Anyways... I think this particular tangent has gone on far enough, at least for me. I just noticed some particularly charged statements in here that I felt needed to be discussed more deeply.
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Re: Hiking all the trails, Sierra?

Postby Wandering Daisy » Wed Apr 22, 2015 8:55 am

Eiprahs. To me, it looks like Sara is simply doing what the Forest Service is supposed to do, but does not have the funding. There is value for one person, in a relatively short period of time, to inventory trails, with objective criteria. The big difference in a private citizen doing this vs. the government, is that there will be different and less "editing" or "peer review" of results. Putting all information out there for the public may not be entirely "good". The good thing about "editing" is that some information may do harm and some information should not be put out there.

There is also value in our forum, where everyone's different experience, and different opinions of trail conditions, more subjective, morph into a picture of the Sierra. I do not see the two as mutually exclusive.

My take on the younger generation, is that their impetus for going into the wilderness often is different. For one thing, the way parents now raise their kids, everything is planned out for them - risk and uncertainty is something to be avoided. Exploration of the unknown does not seem to be much in vogue these days. Extreme sports (trail running, light-and-fast thru hiking, somewhat competitive hard core hiking, and everything has to be a "big name" hike - bragging rights) are often the entry point. I doubt much communing with the wilderness is being done; the wilderness is more of a venue for sport-like activity. I am not against this, how could I be? I have spent most of my outdoor life mountaineering and rock climbing. That was my impetus to get into the wilderness. Only as I aged did I become more inclined to really appreciate my environment.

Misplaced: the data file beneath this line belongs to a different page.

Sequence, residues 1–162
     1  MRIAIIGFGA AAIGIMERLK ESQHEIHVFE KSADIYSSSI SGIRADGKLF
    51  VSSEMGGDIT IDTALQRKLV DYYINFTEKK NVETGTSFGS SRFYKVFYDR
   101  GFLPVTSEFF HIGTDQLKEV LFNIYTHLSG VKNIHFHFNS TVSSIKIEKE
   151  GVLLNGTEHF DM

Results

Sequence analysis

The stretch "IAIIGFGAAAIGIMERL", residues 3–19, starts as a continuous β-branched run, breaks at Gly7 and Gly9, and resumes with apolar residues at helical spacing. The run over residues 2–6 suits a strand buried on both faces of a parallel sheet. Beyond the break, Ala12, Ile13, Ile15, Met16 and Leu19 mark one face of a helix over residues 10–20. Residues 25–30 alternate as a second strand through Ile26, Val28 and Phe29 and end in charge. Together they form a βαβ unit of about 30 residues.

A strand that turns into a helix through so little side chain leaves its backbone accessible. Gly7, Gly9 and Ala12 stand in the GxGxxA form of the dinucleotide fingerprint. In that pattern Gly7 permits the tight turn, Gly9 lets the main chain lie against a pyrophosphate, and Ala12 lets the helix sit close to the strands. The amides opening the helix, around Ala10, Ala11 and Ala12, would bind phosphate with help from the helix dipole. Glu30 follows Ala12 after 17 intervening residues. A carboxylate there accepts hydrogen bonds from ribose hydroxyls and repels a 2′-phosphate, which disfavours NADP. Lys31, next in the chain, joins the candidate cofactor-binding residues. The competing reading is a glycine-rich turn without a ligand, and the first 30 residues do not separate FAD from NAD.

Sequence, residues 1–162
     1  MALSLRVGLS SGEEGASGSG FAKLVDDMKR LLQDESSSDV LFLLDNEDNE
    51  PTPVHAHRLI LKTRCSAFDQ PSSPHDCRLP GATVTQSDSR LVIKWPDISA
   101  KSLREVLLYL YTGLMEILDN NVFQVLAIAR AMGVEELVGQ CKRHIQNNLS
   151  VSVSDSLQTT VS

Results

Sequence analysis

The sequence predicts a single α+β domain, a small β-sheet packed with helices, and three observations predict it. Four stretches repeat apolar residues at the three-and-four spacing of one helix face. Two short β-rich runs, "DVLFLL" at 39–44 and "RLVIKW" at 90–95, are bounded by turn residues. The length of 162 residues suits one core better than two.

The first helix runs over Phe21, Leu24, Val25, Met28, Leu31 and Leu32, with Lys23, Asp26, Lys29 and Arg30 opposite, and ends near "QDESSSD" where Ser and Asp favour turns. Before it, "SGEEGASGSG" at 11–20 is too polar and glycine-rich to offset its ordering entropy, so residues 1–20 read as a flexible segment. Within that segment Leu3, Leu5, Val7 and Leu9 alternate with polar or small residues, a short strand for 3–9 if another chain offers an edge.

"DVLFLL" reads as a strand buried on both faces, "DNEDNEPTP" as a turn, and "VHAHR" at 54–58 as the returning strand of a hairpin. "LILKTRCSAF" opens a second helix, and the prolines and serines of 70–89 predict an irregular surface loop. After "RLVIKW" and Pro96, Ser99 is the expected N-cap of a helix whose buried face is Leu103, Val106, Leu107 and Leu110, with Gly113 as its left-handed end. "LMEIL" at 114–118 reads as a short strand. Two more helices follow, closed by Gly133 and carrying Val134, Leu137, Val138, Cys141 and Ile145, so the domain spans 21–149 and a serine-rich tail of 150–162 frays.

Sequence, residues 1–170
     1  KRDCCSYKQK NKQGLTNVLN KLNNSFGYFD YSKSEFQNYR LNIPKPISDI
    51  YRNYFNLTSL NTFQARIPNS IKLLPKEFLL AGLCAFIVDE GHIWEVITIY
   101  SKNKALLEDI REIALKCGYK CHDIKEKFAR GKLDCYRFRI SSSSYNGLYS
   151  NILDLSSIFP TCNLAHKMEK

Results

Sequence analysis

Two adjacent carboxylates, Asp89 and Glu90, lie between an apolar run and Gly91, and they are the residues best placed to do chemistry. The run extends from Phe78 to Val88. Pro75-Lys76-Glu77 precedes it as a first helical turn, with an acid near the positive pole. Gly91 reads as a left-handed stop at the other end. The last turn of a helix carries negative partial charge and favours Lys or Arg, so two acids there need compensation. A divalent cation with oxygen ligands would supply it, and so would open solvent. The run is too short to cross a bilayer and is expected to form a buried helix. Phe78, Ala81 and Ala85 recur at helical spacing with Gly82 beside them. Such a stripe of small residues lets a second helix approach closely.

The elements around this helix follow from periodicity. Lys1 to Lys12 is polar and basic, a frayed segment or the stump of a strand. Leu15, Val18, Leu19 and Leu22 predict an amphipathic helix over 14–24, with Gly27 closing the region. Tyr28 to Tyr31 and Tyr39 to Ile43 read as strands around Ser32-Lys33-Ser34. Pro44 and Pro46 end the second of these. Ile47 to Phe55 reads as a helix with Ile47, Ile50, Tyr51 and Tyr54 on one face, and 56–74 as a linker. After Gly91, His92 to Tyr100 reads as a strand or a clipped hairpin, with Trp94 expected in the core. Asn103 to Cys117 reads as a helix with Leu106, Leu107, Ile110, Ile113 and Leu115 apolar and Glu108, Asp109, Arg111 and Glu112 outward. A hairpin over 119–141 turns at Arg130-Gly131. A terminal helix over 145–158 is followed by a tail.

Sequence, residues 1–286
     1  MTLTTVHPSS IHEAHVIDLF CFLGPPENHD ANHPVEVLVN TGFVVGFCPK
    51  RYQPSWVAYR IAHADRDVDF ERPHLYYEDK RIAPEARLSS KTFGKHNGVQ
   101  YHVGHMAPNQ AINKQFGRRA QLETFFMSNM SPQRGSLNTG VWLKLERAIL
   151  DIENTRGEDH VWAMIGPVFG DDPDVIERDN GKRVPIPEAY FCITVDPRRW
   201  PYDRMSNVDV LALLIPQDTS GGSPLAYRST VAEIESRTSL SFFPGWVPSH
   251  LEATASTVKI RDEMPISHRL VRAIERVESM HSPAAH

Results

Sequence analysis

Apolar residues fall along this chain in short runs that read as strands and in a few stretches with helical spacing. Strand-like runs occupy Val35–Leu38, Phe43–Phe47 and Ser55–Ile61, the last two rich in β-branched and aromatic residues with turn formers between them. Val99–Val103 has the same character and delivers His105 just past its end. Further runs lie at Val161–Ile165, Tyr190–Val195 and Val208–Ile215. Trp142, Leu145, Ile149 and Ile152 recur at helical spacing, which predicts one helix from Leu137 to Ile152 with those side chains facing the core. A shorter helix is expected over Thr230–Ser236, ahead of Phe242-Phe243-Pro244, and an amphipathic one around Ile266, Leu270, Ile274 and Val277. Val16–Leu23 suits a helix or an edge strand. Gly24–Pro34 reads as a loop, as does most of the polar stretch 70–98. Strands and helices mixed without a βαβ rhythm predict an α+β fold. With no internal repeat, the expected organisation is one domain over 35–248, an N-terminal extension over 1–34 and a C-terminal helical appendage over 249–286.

One big difference now is technology and the compulsion to be constantly connected to others and yes, "sharing" of that experience that borders narcissism. That part I do not like, but so be it. As a whole I think young people nowadays are much more "social". In my day, the wilderness was a place for those of use who were borderline antisocial- get away from people. Many of us were failures at team sports and wallflowers at parties, introverts. We walked into the wilderness, surrounded by quiet, and felt totally at home! I feel it is our duty as "old farts" to at least try to teach a bit of wilderness/environmental responsibility. And you cannot do that if you criticize or devalue their experiences.

Sara is doing her project. Because she posted here on this forum, we can hopefully have some impact by voicing our concerns about how she presents this data. She seems to be listening.
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Re: Hiking all the trails, Sierra?

Postby longri » Wed Apr 22, 2015 9:22 am

sparky wrote:I am reminded of the guy that took a selfie every mile on the PCT. While it made a pretty cool video, when you step back and think about it....its just weird and borderline narcissistic. It is just a strange road we are on here folks. Damn I am really sounding like an old fart right now. But whatever, the world turns, i wont lose any sleep over it either way, and I will continue to enjoy myself in the wilderness on my own terms

Borderline narcissistic?
It was a video of his face.

I'm not really sure what Sara is hoping to accomplish but it hardly seems like a singular threat to the wilderness.
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Re: Hiking all the trails, Sierra?

Postby oldranger » Wed Apr 22, 2015 10:20 am

Sara

My initial response was wtf! Reading all the responses I have decided that I admire your passion. Don't let naysayers get you down. Go for it! Even old farts like me who don't know he difference between a way point and a track will be following your work and be jealous that you are out on the trails as much as you will be. And I expect that we will learn something from your journey as will you.

Have a great time!

Mike
Mike

Who can't do everything he used to and what he can do takes a hell of a lot longer!
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Re: Hiking all the trails, Sierra?

Postby markskor » Wed Apr 22, 2015 10:45 am

All trails Sierra? Never having had such a momentous plateful to even attempt to muddle through, I too look forward to seeing this all play out. I can only think back to my prior PCT attempt, a few years back...never got out of California, (made it about seven miles from the Oregon border.) There, at the Seiad Cafe, over pancakes, decided that never more would I be slave to any trail, ever again.

Our Sierra blesses us with lakes/ passes/ vistas just too amazing to walk on by...having to do 20+ trail miles each day just to stay on schedule, you miss a lot of the best, IMHO the very best. Unfortunately, you are self-limiting yourself to doing long miles and staying on trails only. Ah youth!

Thus good luck and God speed - your plan admirable - just not my trail-less Sierra.